There’s a big thread going at Dear Author about how RWA shouldn’t hate the erotic. I expressed the idea that it’s wrong for people who don’t want to judge inspirational romances to have to (when they haven’t signed up for them), just as conservative readers shouldn’t have to judge strong sexual content, should they prefer not to. I’m totally on board with that. I don’t think anyone should have read something they find objectionable. (I do wonder, however, if the folks who refuse to read sex ever read murder mysteries, and if so, why is murder okay, but sex is not? That’s a different post.)
My proposed solution was a box indicating a book contains one or the other, though I suppose it’s theoretically possible it could be both. (I’d sort of like to read that one. And any non-Christian inspie, too. I’d be intrigued with a Judaic romance or a Wiccan one. I’ve just had my fill of traditional Christian values.) Note: that’s not a condemnation of anyone else’s beliefs or way of life.
It’s only reflection of my personal taste. So how come when I say I’d rather not read an inspie entered in the historical category it becomes a lack of respect for all Christians? Now I’ll grant you my initial tone was flip, but I’m pretty much that way on all topics. I very seldom get all-the-way-down-to-the-bone serious about anything (and I tend to think people who are 100% earnest are a bit tiresome). But that’s neither here, nor there.
The reason I’ve brought this to my blog is: I’m paying for the bandwidth, so I feel free to ramble here. And this is the thing–it’s very hard to have this discussion because so many people seem to internalize “does not want to read inspies” as “hates / condemns all Christians.” Personally, I cannot make the leap, myself. I’ve never heard an erotic romance author say, “You just hate all the people who have sex because you’re not allowed to!” Now there have been other bits of silliness there, like, “you’re just jealous” or “you’re too stodgy to appreciate my genius” but those are different criticisms, I think.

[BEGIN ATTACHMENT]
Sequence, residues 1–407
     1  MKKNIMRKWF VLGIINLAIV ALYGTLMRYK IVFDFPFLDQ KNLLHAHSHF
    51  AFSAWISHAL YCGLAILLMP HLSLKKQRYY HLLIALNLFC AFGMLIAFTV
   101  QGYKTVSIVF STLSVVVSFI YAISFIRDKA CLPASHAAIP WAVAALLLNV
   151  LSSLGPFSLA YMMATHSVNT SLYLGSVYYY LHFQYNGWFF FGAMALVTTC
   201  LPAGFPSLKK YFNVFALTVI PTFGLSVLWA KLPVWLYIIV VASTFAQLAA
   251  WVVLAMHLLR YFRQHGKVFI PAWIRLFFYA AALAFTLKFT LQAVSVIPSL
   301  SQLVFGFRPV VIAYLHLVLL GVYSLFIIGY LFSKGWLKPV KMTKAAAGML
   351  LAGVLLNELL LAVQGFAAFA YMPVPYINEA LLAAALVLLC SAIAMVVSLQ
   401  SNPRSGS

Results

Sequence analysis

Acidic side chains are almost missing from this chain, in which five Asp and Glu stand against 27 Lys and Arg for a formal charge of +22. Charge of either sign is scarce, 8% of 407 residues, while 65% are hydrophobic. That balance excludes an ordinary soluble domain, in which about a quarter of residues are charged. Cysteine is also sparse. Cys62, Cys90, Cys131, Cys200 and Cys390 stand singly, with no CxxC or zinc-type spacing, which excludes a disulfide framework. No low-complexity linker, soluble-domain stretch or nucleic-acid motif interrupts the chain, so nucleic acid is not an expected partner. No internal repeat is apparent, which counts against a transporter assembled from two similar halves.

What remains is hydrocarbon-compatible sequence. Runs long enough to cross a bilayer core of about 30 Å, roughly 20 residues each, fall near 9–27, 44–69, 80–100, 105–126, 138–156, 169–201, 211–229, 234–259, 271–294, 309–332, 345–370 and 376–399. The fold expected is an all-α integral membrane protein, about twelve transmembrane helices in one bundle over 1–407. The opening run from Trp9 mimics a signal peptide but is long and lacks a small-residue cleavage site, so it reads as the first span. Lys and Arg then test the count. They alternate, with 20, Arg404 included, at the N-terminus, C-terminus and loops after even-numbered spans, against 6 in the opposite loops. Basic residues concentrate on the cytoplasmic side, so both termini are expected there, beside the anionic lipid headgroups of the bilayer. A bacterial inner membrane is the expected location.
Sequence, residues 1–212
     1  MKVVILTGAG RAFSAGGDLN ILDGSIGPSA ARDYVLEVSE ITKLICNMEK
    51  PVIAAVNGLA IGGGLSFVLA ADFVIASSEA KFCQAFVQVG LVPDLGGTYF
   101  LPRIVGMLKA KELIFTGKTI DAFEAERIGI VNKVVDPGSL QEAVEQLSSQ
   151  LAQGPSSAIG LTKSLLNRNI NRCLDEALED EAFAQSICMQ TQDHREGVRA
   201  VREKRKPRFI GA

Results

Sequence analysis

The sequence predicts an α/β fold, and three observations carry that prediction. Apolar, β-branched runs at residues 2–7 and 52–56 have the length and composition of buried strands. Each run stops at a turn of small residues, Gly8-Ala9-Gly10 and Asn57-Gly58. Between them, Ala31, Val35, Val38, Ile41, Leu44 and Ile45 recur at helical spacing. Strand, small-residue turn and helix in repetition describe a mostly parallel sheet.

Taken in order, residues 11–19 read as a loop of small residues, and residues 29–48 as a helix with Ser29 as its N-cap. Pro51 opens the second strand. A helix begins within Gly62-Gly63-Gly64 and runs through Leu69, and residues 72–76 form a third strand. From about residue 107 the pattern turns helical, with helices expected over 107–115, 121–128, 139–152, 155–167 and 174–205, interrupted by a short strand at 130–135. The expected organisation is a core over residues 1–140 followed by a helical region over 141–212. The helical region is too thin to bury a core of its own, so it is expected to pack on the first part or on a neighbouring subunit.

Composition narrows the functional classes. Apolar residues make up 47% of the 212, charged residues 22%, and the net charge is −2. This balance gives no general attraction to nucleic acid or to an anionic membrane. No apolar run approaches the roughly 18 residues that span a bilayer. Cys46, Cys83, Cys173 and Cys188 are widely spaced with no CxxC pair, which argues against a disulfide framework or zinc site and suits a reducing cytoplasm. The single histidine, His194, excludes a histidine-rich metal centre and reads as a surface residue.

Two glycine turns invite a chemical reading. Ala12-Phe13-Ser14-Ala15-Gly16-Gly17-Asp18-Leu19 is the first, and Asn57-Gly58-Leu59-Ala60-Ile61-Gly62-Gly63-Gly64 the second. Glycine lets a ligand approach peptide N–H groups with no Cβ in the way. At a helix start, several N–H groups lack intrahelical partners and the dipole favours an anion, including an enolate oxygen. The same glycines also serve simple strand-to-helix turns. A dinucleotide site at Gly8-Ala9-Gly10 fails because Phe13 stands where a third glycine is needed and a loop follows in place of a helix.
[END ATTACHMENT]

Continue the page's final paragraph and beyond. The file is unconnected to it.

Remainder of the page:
I’m thinking in particular about one objection I read to erotic content on an RWA loop. Unfortunately, I can’t share it with you, but if I could (and I changed all the hate-language to a religious counterpoint), I would be lynched, no question. And yet it’s okay to say the opposite in reverse? Since when does not wanting to read a book equate to religious persecution? That might even make sense, if Christianity were still a minor religion. I could understand the cry of persecution, if the Wiccans were rallying behind it. But this kneejerk yell of prejudice puzzles me.
I am not interested in reading a book that sets forth certain values as the definite ideal. I am not interested in a book that tells me how I should approach my spirituality (and I was never good at coloring in the lines either). That doesn’t mean I don’t wish everyone else well who has found joy and peace in organized religion. Me, I have too many questions. Too many things don’t make sense. The rules that are set forth, many of them, seem designed to enrich the church’s power base, not improve my soul. It seemed predicated on fear of punishment, which is not the way I want to live. I would rather do good and be kind because I want to, not because I fear burning in eternal flames. I don’t enjoy people who believe their way is the only way, and if I am being completely candid, I have never had a Buddhist come knocking at my door to interrupt my workday and harangue me on the state of my soul. That said, I recognize those “bad encounters” I’ve had with organized [Christian] religion don’t encompass the full picture.
And I think every person should pursue the path that makes them happy, and it harm none. That doesn’t make me Wiccan. I am what I am, and I’m not going to find my faith depicted in a book. I would rather read about other things and let my faith be private. Why is that so wrong?